Suzuki Across PHEV review.
For – an EV without range anxiety, luxurious, high quality, excellent performance.
Against – pricey.
“because of insane, dogmatic regulations fed by grandstanding politicians eager to pose as green prophets, PHEVs will only have a momentary time in the sun”
In a sane world, PHEVs like this Suzuki Across would be the future.
There’s enough battery power – close to 50 miles worth – to allow total electrification for average driving needs. The petrol backup means range anxiety is a thing of the past, and long journeys or a Riviera holiday are no problem.
But because of insane, dogmatic regulations fed by grandstanding politicians eager to pose as green prophets, PHEVs will only have a momentary time in the sun. EU regulations, for instance, tighten so drastically after 2025 that only battery electric cars are likely to make “sense” for those that can afford them.
PHEVs – plug in hybrid electric vehicles – have petrol or diesel power to back up a battery in this case with an all-electric range of just under 50 miles. Current PHEVs run dry after about 30 miles. Ferrari’s new 296 GTB has maybe 16 miles, probably 10. Traditional hybrids, made famous by the Toyota Prius, use a petrol engine augmented by a battery which boosts the performance and helps fuel economy. The battery is powered by liaising with the internal combustion engine (ICE) and can’t be charged independently. Battery-only range is less than a mile.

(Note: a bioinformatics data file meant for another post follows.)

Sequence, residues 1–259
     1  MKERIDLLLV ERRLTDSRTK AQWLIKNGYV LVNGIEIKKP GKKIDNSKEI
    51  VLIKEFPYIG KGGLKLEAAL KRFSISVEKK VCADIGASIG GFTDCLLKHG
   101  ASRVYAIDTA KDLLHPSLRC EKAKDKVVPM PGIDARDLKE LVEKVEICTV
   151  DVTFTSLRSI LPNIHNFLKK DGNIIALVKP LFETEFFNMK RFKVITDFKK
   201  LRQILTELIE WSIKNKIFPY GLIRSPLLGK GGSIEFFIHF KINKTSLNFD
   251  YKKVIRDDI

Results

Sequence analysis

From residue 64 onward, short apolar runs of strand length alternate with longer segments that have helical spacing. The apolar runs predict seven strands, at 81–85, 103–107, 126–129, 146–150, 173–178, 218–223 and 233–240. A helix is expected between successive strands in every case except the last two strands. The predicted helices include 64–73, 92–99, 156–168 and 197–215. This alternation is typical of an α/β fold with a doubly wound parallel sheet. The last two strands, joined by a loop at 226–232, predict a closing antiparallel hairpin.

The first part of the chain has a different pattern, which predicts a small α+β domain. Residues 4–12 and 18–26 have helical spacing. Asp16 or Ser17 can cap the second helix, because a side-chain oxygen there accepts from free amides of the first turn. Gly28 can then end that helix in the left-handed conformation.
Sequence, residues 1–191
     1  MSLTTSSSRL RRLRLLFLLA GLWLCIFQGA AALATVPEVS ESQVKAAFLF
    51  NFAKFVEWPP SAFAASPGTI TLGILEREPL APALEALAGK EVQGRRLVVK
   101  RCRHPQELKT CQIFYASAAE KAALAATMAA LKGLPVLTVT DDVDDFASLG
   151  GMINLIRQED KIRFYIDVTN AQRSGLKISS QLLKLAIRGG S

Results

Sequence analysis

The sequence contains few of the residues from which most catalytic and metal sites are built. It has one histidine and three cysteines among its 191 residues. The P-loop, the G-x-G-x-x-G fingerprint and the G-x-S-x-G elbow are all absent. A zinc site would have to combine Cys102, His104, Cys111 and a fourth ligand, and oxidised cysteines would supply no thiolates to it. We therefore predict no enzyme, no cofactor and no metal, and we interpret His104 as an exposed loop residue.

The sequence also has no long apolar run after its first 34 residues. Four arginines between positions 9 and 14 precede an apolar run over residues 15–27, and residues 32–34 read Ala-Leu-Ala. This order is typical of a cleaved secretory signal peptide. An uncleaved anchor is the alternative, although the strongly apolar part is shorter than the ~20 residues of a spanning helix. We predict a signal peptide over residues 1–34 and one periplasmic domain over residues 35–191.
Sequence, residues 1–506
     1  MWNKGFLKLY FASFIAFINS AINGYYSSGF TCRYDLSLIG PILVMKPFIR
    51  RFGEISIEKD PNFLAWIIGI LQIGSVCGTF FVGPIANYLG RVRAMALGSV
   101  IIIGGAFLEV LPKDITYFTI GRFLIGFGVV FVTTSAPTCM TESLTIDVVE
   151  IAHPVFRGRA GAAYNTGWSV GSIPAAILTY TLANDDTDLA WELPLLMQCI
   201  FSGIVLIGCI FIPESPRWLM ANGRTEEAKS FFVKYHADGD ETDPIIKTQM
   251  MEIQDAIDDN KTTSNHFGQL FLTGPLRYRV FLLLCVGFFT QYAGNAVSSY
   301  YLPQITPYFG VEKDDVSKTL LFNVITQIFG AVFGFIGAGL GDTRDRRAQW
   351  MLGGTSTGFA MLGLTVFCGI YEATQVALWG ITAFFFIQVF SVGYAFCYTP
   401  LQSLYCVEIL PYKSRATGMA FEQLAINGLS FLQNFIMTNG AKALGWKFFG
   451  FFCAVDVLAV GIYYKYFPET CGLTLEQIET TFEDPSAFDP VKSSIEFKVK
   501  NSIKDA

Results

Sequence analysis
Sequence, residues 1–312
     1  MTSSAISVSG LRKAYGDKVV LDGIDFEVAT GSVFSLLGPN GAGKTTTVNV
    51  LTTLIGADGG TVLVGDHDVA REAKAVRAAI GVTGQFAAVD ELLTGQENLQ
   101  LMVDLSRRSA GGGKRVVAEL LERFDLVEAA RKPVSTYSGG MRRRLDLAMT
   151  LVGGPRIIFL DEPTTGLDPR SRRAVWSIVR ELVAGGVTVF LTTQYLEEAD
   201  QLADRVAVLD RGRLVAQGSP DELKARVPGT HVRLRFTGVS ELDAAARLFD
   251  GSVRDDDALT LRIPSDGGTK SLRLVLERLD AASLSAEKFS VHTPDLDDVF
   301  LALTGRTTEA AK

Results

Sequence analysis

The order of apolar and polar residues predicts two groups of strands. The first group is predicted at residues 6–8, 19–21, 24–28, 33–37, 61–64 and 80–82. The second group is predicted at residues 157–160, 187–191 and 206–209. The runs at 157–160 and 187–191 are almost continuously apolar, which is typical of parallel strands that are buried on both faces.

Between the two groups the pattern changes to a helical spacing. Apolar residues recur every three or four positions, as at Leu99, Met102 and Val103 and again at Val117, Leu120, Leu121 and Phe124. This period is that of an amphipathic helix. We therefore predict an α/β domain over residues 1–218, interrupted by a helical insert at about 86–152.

PHEVs have much bigger batteries and can be recharged by plugging into your house or charging station. The Mitsubishi Outlander PHEV was the lead dog for this engineering, but its range – claim of 30 miles but often less than 20 – never really allowed for total electrification. I drove the Across for a week on daily journeys mostly of 30 to 40 miles and plugged it in to my ChargePoint at night. I’ve scoffed at Mitsubishi’s claim that its PHEV would return 130 mpg and laughed out loud when I read Suzuki’s claim of 282 mpg, but when I checked my fuel use I managed 309 mpg. That’s not really a useful statistic, because average users of the Across will never use any petrol at all.